With some last-minute tweaks, the Michigan Legislature approved two bills to allow Blue Cross Blue Shield of Michigan to convert to a tax-paying, not-for-profit mutual health insurer.
Gov. Rick Snyder, who has championed the Blues' conversion, is expected to sign the bills.
Dan Loepp, CEO of Blue Cross, said the legislation is fair and will allow Blue Cross to help fund health care programs and continue its mission in Michigan.
"It enables Blue Cross to contribute in significant ways to a healthier Michigan, gives the Blues and our competitors a level and competitive playing field and addresses concerns of those who depend on Blue Cross' longstanding contributions as a nonprofit company," Loepp said in a statement.
Rick Murdock, executive director of the Michigan Association of Health Plans, which includes many of Blue Cross' competitors, said amendments to the original legislation will benefit consumers.
Some changes included:
A ban on "most favored nation" clauses in contracts between hospitals and health insurers.
A requirement that Blue Cross contribute a "fair share" of reimbursement to hospitals to account for underfunded government programs and uncompensated care.
Shortly after the Blue Cross board approves the conversion, Blue Cross will be regulated under state insurance code as its competitors are.
Under the legislative package, Blue Cross will be required to contribute $1.56 billion into a nonprofit foundation over 18 years and pay about $100 million annually in state and local taxes.
The legislation requires the state Legislature to approve any subsequent purchase or conversion into a for-profit entity and the people of Michigan to benefit from any sale.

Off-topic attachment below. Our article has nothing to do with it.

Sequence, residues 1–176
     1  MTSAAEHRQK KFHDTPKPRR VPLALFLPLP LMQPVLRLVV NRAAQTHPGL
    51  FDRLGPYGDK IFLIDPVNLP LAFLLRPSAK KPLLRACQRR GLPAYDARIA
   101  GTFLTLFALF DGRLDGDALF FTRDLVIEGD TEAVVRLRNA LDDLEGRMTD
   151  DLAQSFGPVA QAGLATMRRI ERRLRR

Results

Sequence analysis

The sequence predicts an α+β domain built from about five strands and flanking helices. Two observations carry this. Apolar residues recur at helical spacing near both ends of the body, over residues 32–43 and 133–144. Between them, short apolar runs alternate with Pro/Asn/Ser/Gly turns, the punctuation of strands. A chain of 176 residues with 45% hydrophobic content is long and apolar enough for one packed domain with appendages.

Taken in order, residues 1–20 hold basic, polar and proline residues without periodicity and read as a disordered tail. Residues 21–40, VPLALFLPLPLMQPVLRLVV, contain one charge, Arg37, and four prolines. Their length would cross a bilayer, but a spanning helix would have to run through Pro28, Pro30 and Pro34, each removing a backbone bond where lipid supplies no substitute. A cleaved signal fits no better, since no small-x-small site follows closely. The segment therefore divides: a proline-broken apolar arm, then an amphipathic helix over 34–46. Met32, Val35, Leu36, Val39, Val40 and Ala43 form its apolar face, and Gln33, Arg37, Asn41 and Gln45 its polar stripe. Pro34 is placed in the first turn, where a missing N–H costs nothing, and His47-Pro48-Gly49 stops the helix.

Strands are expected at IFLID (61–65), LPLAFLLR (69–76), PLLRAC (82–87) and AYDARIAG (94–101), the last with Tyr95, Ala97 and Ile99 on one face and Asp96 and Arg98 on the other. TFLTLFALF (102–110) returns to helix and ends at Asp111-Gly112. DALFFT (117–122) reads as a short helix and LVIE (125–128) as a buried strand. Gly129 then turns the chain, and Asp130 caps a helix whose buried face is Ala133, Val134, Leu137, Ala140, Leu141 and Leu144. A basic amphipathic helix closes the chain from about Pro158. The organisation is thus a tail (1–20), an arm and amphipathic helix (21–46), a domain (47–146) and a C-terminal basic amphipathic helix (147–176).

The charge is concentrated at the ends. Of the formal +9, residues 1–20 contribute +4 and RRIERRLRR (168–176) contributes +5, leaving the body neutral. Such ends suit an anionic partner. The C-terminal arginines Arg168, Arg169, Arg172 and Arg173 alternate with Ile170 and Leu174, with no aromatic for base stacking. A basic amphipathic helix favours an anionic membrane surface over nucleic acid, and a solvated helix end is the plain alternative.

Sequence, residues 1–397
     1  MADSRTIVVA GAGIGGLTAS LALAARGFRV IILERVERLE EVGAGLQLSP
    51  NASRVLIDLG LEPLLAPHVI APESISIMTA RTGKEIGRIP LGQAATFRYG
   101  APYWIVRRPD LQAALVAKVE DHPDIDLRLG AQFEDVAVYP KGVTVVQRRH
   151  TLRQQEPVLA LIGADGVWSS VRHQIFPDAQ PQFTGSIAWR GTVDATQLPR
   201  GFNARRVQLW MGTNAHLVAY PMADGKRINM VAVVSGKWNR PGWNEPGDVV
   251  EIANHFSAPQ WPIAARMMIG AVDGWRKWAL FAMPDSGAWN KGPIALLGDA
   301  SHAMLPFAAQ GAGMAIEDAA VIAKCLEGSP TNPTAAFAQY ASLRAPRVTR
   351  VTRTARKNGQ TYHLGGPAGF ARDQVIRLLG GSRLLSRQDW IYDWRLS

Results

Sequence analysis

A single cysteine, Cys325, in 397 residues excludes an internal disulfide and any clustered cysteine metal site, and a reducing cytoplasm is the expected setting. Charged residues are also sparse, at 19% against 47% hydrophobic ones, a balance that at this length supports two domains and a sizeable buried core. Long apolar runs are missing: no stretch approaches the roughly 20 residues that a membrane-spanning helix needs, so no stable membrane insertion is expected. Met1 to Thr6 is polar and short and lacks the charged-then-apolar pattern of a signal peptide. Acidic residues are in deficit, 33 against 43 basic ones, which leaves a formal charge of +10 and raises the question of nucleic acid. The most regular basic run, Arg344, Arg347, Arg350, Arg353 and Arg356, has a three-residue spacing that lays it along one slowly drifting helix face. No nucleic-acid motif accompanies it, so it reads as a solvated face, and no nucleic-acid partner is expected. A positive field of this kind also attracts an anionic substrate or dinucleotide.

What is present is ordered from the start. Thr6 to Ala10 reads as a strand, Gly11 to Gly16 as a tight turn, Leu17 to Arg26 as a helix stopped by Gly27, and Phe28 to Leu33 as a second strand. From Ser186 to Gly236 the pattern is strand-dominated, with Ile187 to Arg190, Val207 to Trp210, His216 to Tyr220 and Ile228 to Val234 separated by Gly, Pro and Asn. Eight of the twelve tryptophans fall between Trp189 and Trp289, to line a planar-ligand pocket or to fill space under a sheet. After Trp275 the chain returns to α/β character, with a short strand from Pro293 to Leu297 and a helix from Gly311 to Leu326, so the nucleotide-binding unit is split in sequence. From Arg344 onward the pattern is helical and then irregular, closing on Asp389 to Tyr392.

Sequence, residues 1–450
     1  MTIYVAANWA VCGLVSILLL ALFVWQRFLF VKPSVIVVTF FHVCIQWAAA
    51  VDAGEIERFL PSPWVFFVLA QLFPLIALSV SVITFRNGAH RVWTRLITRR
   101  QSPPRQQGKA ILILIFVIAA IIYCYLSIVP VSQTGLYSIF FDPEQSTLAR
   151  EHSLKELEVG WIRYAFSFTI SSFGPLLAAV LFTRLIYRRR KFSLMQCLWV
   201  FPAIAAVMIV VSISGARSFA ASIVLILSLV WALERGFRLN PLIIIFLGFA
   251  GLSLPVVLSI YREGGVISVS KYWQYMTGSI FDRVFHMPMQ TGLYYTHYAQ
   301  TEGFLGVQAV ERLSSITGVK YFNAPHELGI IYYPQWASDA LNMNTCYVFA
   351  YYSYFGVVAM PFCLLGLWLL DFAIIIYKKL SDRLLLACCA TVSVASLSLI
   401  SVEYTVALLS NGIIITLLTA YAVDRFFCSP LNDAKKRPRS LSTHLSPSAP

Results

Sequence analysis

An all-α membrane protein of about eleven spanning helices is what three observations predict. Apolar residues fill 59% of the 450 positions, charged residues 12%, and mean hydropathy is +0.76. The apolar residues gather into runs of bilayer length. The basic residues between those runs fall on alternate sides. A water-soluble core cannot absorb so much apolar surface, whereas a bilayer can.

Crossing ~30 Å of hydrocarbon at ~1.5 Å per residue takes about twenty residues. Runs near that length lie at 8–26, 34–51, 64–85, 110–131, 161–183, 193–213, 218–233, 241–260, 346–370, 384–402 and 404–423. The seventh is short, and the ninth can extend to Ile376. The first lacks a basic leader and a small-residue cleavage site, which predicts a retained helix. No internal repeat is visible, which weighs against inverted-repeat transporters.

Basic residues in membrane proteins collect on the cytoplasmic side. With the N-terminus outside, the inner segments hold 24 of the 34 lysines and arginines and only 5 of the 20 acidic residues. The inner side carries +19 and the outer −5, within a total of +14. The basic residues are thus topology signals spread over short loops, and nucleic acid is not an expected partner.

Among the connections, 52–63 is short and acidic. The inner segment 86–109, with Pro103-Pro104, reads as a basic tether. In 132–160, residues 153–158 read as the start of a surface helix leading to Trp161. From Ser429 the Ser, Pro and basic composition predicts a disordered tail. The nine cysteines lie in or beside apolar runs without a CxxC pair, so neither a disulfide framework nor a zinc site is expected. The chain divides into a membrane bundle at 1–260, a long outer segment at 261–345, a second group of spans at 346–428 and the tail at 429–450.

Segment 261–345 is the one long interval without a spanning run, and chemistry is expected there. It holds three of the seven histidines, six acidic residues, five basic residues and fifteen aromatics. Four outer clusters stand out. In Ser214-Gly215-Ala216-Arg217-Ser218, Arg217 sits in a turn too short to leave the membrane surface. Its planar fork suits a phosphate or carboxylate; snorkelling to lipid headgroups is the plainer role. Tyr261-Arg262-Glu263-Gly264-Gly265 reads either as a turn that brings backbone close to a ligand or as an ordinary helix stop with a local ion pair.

"We now look forward to working with Gov. Snyder's administration to implement these changes as we continue to develop more affordable health care options for the citizens of Michigan," Murdock said in a statement.
But Jacqueline Morrison, director of AARP Michigan, said the final bill will hurt low-income seniors once state-mandated subsidies for Medigap supplemental insurance coverage ends in July 2016.
"We are disappointed the majority of legislators turned their backs on older Michiganders when they voted in favor of two bills that will take at least $876 a year out of the pockets of approximately 176,000 seniors who will pay higher Medigap premiums as of 2016," Morrison said in a statement.
"AARP Michigan will notify our 1.4 million members to let them know how their senators and representatives voted on this legislation that will have a negative financial impact on many seniors, who are already burdened by a new pension tax and other recently enacted tax changes," Morrison said.
Primarily because the bill did not go far enough in providing subsidies for Medigap coverage, Attorney General Bill Schuette withheld support.
In a statement, Michigan Consumers for Healthcare said if the legislative package approved by the House becomes law, health insurance premiums will skyrocket for individuals and small businesses in Michigan.
"While the Michigan House should be applauded for making some substantive improvements, this deregulation scheme still reduces access to coverage and effectively guarantees skyrocketing insurance premiums for individuals and small businesses," said Don Hazaert, director of Michigan Consumers.
"This deal eliminates all meaningful rate review on Blue Cross going forward and effectively allows a monopoly to set insurance rates in Michigan. The public will not accept the Legislature abandoning the state's rate review responsibilities simply for the sake of political expediency."
For 32 years, Blue Cross has been regulated under Public Act 350 as a "charitable and benevolent" company and held in trust for the people of Michigan.
But experts contended Blue Cross' mission had to change when the Patient Protection and Affordable Care Act goes into full effect on Jan. 1, 2014.
Under reform, all insurers — not just Blue Cross — must offer policies to people with pre-existing health conditions.